Anti-employer blogs, those which criticize companies or their employees, are posing significant legal and ethical challenges for corporations. The important legal issue is the conflict between the employee's legal duty of loyalty to the employer and the employee's right to free speech. Although U.S. and state law describes what an employee may or may not say in a blog, corporations should encourage employees to contribute to the process of creating clear, reasonable policies that will help prevent expensive court cases. The important ethical issue concerning anti-employer blogs is whether an employee incurs an ethical duty of loyalty. In this article, I conclude that there is no such ethical duty. The legal duty of loyalty, explained in a company-written policy statement that employees must endorse as a condition of employment, offers the best means of protecting the legal and ethical rights of both employers and employees.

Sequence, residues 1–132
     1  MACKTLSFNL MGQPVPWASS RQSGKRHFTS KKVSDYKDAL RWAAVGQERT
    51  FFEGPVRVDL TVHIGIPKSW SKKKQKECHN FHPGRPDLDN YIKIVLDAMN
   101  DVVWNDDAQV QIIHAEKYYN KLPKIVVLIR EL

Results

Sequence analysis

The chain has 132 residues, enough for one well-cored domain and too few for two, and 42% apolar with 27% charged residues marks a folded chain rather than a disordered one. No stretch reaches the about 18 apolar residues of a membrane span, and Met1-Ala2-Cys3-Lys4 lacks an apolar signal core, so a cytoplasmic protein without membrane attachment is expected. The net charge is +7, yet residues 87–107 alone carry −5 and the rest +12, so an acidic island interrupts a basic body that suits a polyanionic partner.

In the increasingly competitive global economy, corporations throughout the world must take advantage of all the marketing and communication tools available to them, including blogging. Blogs allow corporations to connect with their stakeholders in a more personal way and, thus, strengthen their image, brand, and customer loyalty. Instant feedback is available through comments posted on the corporate blog, saving organizations large sums of money otherwise spent on market research. However, entering the blogosphere poses a number of risks for a corporation, such as potential damage to the corporate reputation and customer loyalty as well as legal liability. Conflicts still exist between the rights of bloggers and a corporation's interests. Blogs may be restricted by legal and ethical boundaries, which may differ across countries. This paper presents the benefits and risks associated with corporate blogging around the world and provides some interesting success stories as well as lessons learned. It also offers a compilation of guidelines for effective blogging and suggests topics for future research.